Wendling’s description of Bukhari’s home-baked organization is no less bizarre – and heavily airbrushed.

“It all began with a Facebook post by Asghar Bukhari, a founding member of the Muslim Public Affairs Committee UK (MPAC) – a UK pressure group which works to counter Islamophobia and Zionism, among other aims. He said his home was burgled, only a single shoe was stolen, and claimed it was a deliberate tactic of intimidation by Zionists.” [emphasis added]

Given Bukhari’s long-held penchant for launching personal attacks on Muslims who do not conform to his own check list of ‘appropriate’ Muslim qualities, one might very well question the accuracy of the description of MPAC UK as an organization “which works to counter Islamophobia”. And in fact, Wendling’s account of the story includes a description of Bukari’s subsequent racist jibe at one of his regular targets – Maajid Nawaz.

“In the video, Bukhari called Nawaz an “Uncle Tom nut job” and accused him of getting funding from pro-Israel supporters. Nawaz dismissed the allegations.”

Likewise, Wendling apparently has no qualms about describing an organization which sets out to “counter” the right of a particular ethno-religious group to self-determination with the bland term “pressure group” – although one would of course be surprised to find the BBC characterizing any group which opposed the rights of women or homosexuals in such anodyne terms.Bukhari tweets

Wendling writes:

“”There’s an unhealthy anti-Semitic strand to MPAC’s thinking,” Nawaz told BBC Trending.”

However, he refrains from providing readers with any further information about MPACUK’s controversial record. As ‘Harry’s Place’ reported a decade ago:

“The evidence of MPACUK’s virulent antisemitism has been available for years to anyone who cared to seek it out. Writing in 2003 for a website of the Institute for Jewish Policy Research, Dave Rich revealed:

‘The Muslim Public Affairs Committee have used their website to reproduce material taken from the sites of both David Irving and The Heretical Press (a far right publisher based in Hull)… Often when Islamist organisations use far right sources it reveals a deeper antisemitism. The Muslim Public Affairs Committee’s reproduction of material from the far right sits on their website alongside open support for Holocaust denier David Irving, accusations of Zionist media and political control, lists of Jewish donors to New Labour and an investigation into whether the Talmud is “the most Powerful and Racist book in the world”. In one example which neatly illustrates the growing commonalities between political extremes, the Islamist Muslim Public Affairs Committee published an article by Professor Kevin MacDonald – who appeared as a witness for David Irving in his failed libel action against Professor Deborah Lipstadt – on the subject which is currently of so much interest to the far left and the anti-war movement: the “International Jewish Origins of Neoconservatism”’.”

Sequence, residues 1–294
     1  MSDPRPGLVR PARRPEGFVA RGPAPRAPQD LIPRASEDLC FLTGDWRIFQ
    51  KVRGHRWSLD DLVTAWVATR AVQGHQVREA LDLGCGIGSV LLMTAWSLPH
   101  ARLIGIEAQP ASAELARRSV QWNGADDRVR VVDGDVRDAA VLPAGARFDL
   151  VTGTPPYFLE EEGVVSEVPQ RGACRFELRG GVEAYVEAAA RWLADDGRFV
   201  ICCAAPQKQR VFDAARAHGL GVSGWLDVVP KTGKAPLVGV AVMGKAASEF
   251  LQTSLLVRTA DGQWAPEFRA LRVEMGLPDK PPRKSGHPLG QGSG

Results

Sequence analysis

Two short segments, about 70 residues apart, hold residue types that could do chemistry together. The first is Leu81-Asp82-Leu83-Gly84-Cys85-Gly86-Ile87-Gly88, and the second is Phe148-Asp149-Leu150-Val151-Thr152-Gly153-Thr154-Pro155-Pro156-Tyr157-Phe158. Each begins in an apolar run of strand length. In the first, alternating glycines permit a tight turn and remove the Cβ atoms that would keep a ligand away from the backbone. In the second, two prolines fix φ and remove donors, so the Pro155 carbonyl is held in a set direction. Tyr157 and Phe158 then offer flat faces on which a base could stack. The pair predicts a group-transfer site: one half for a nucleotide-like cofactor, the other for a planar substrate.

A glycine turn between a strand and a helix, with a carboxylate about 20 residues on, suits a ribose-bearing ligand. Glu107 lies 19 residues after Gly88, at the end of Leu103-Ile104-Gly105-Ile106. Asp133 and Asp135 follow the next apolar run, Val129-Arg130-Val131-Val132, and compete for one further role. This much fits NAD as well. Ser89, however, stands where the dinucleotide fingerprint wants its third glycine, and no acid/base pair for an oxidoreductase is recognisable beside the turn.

Here is what the All-Party Parliamentary Inquiry into Antisemitism had to say about MPAC UK way back in 2006:

“The activities of the Muslim Public Affairs Committee, MPACUK, have given cause for concern. Although its rhetoric is often extremist, MPACUK identifies itself as part of the mainstream British Muslim community, describing itself as “the UK’s leading Muslim civil liberties group, empowering Muslims to focus on non-violent Jihad and political activism”. Originally set up as a web-based media monitoring group, MPACUK’s declared first mission was to fight the perceived anti-Muslim bias in the media and to redress the balance. However, MPACUK has been criticised for publishing material on its website promoting the idea of a worldwide Zionist conspiracy, including the reproduction of articles originally published on neo-Nazi and Holocaust Denial websites, and is currently banned from university campuses under the NUS’s ‘No Platform’ policy. MPACUK are known to have removed an offensive posting from their website on one occasion, after complaints were made, but thereafter continued to publish similar material.”